Dating violence can have a wide range of negative health consequences. These include harm that results immediately from the violence itself and also unhealthy coping mechanisms that can have both short-term and long-term health effects.

Physical Impacts

Physical injuries range from minor cuts and bruises to serious injuries, including broken bones and other injuries requiring hospitalization. Research indicates that women suffer more serious physical harm from dating violence than men.Footnote 58

Sexual violence has a range of physical consequences. It brings not only the risk of physical injury but also the additional risks of contracting AIDS or other sexually transmitted infections and, for women assaulted by men, the risk of pregnancy.

Psychological Impacts

The emotional harm for men and women who experience dating violence can be extensive. Manifestations of emotional harm include depression, anxiety, feelings of sadness and hopelessness, and suicidal thoughts and attempts.Footnote 59 In cases of severe violence, survivors may experience symptoms of post-traumatic stress disorder (PTSD).Footnote 60 Women who suffer sexual abuse often experience concerns about their body shape and physical appearance.Footnote 61

Unhealthy Coping Strategies

Coping with dating violence can also lead to health problems. Survivors are more likely to use and abuse alcohol, drugs and tobacco.Footnote 62 They are more likely to withdraw from school relationships, putting them at increased risk of dropping out of school.Footnote 63 Youth, both male and female, who are victims of dating violence arealsomorelikelytoengageinharmful eating behavioursFootnote 64 (e.g., use of laxatives, dieting pills, vomiting or fasting, and binge eating).Footnote 65 They are also significantly more likely than nonvictimized peers to attempt suicide.Footnote 66

What You Can Do

If you are being abused, seek help. Informed counsellors can help you deal with the emotional and physical consequences of the abuse (see “Where to go for Help”).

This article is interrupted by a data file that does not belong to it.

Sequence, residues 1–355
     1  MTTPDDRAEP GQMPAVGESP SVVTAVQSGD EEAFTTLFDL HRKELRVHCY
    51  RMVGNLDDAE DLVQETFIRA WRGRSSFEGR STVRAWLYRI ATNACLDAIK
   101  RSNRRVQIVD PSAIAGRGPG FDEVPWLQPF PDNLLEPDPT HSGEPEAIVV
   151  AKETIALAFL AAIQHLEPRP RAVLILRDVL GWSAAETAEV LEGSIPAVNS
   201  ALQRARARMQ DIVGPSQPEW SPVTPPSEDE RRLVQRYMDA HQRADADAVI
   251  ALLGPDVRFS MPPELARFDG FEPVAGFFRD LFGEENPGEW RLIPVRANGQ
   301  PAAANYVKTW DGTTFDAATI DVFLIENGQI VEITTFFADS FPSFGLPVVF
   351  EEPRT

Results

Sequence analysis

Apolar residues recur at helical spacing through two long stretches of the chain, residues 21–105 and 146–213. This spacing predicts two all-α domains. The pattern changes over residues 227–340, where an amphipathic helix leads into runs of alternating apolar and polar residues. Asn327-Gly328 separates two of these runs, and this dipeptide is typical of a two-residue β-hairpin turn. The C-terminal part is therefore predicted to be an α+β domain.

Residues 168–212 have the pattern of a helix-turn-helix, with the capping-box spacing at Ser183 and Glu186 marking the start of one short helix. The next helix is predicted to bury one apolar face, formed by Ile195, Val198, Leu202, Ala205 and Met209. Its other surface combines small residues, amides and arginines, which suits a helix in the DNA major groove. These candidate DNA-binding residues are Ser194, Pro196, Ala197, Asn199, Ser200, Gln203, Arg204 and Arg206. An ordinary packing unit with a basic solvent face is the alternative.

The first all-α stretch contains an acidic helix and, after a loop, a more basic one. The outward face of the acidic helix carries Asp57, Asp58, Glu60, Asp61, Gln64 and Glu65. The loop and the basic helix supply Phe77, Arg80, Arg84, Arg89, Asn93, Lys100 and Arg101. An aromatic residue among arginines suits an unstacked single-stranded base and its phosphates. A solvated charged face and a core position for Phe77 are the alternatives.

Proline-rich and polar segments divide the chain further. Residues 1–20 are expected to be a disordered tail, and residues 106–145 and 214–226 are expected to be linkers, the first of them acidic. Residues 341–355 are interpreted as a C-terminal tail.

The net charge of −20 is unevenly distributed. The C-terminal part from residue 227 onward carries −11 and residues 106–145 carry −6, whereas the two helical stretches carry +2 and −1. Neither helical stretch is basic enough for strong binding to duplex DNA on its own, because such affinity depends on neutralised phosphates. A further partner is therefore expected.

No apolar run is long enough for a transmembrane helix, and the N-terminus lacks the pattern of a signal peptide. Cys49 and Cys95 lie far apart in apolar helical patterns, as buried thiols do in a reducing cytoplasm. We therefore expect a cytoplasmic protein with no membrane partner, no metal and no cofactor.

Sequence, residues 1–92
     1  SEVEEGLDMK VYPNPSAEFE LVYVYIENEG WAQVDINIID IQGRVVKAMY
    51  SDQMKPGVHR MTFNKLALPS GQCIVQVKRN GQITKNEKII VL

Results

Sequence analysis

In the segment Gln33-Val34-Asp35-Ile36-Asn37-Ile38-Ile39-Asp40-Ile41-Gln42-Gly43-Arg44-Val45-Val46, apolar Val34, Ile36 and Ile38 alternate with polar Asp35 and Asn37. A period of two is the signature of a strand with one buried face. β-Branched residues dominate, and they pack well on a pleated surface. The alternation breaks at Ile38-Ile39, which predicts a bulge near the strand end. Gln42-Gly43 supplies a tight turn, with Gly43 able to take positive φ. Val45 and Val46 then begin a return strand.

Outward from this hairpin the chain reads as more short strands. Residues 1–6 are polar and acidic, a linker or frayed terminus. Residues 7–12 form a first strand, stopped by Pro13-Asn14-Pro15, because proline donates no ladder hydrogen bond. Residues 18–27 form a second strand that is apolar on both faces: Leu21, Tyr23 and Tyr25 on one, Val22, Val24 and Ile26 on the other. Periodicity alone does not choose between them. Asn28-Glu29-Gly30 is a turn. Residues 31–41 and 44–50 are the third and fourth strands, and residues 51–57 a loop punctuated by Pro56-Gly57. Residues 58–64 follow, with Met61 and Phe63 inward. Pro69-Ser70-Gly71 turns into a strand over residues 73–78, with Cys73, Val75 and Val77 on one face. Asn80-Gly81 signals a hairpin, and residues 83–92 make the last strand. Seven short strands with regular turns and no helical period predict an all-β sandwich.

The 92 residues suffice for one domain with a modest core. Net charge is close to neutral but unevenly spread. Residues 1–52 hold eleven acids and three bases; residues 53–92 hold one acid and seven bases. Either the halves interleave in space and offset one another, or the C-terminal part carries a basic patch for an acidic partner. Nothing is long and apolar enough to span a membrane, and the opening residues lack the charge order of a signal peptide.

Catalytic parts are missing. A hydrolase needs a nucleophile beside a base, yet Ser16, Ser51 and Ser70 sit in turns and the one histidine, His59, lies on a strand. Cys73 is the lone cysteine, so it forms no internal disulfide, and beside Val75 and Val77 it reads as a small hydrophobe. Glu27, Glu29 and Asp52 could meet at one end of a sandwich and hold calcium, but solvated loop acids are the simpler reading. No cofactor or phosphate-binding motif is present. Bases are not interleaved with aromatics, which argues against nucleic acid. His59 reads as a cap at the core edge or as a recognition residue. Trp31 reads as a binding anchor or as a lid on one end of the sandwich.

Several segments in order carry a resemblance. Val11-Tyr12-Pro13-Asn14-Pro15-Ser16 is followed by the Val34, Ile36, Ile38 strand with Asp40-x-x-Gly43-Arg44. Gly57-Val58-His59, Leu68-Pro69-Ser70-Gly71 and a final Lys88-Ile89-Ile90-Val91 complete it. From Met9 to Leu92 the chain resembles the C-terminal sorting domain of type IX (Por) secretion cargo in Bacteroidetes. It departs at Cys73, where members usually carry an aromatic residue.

If you suspect that someone you know is being abused, listen and be supportive. They are not to blame for the abuse. Tell them that what is happening is wrong and that no one deserves to be abused.

Where to go for Help

Many communities have services for victims of abuse and for abusers. These organizations may provide you with educational support, information and/or emotional support.

The Stop Family Violence (NCFV) is Canada’s national resource centre for information about violence and other forms of abuse in relationships of kinship, intimacy, dependency or trust. The NCFV provides a variety of information resources, including national service directories, as well as referral assistance to help connect individuals with resource people and organizations responding to abuse in interpersonal relationships. For more information, please contact the NCFV toll-free at 1-800-267-1291 or visit the NCFV website at http://www.phac-aspc.gc.ca/nc-cn

In schools, teachers and guidance counsellors are available to provide support, information and contacts for counselling.

Nationally, the Canadian Red Cross and the YM/YWCA both offer a variety of local supports and information. The Red Cross’s RespectEd program (http://www.redcross.ca/ article.asp?id=000294&tid=030) provides education and other support for youth.

You can also contact the Kids Help Phone, Canada’s only toll-free, national telephone counselling, referral and internet service for children and youth (Kids Help Phone 1-800-668-6868/http://www.kidshelpphone.ca). An online resource centre for parents is also available at http://www.parent helpline.ca

The Centre for Children and Families in the Justice System is devoted to helping children and families involved in the justice system, including those who are victims of crime or abuse. Website: http://www.lfcc.on.ca/

If you are experiencing sexual abuse, you can contact your local rape crisis centre. While most centres can support heterosexual women, not all are able to provide support to heterosexual or gay men or lesbians.

Some cities have helplines for bisexual, gay and lesbian youth. In Toronto you can call:

(a) The David Kelley Lesbian and Gay Community Counselling Program – Family Service Association of Metropolitan Toronto

Tel: 416-595-9618 Address: 355 Church St., Toronto M5B 1Z8

(b) TAGL (Toronto Area Gays and Lesbians) Tel: 416-964-6600

(c) Lesbian/Gay/Bi Youth Line Tel: 416-962-9688

If you are a perpetrator of dating violence, getting help can be difficult. Most services are set up for victims; however, counselling and education in anger management techniques are available in many communities.

YOUCAN, http://www.youcan.ca/ a national youth organization has a Peacebuilders Program available in selected sites across the country.

Leave Out ViolencE (LOVE) http://www. leaveoutviolence.com/ is a leading Canadian not-for-profit youth violence prevention organization. A newspaper, books and programs are available for at-risk youth who have lived with violence as perpetrators, victims or witnesses.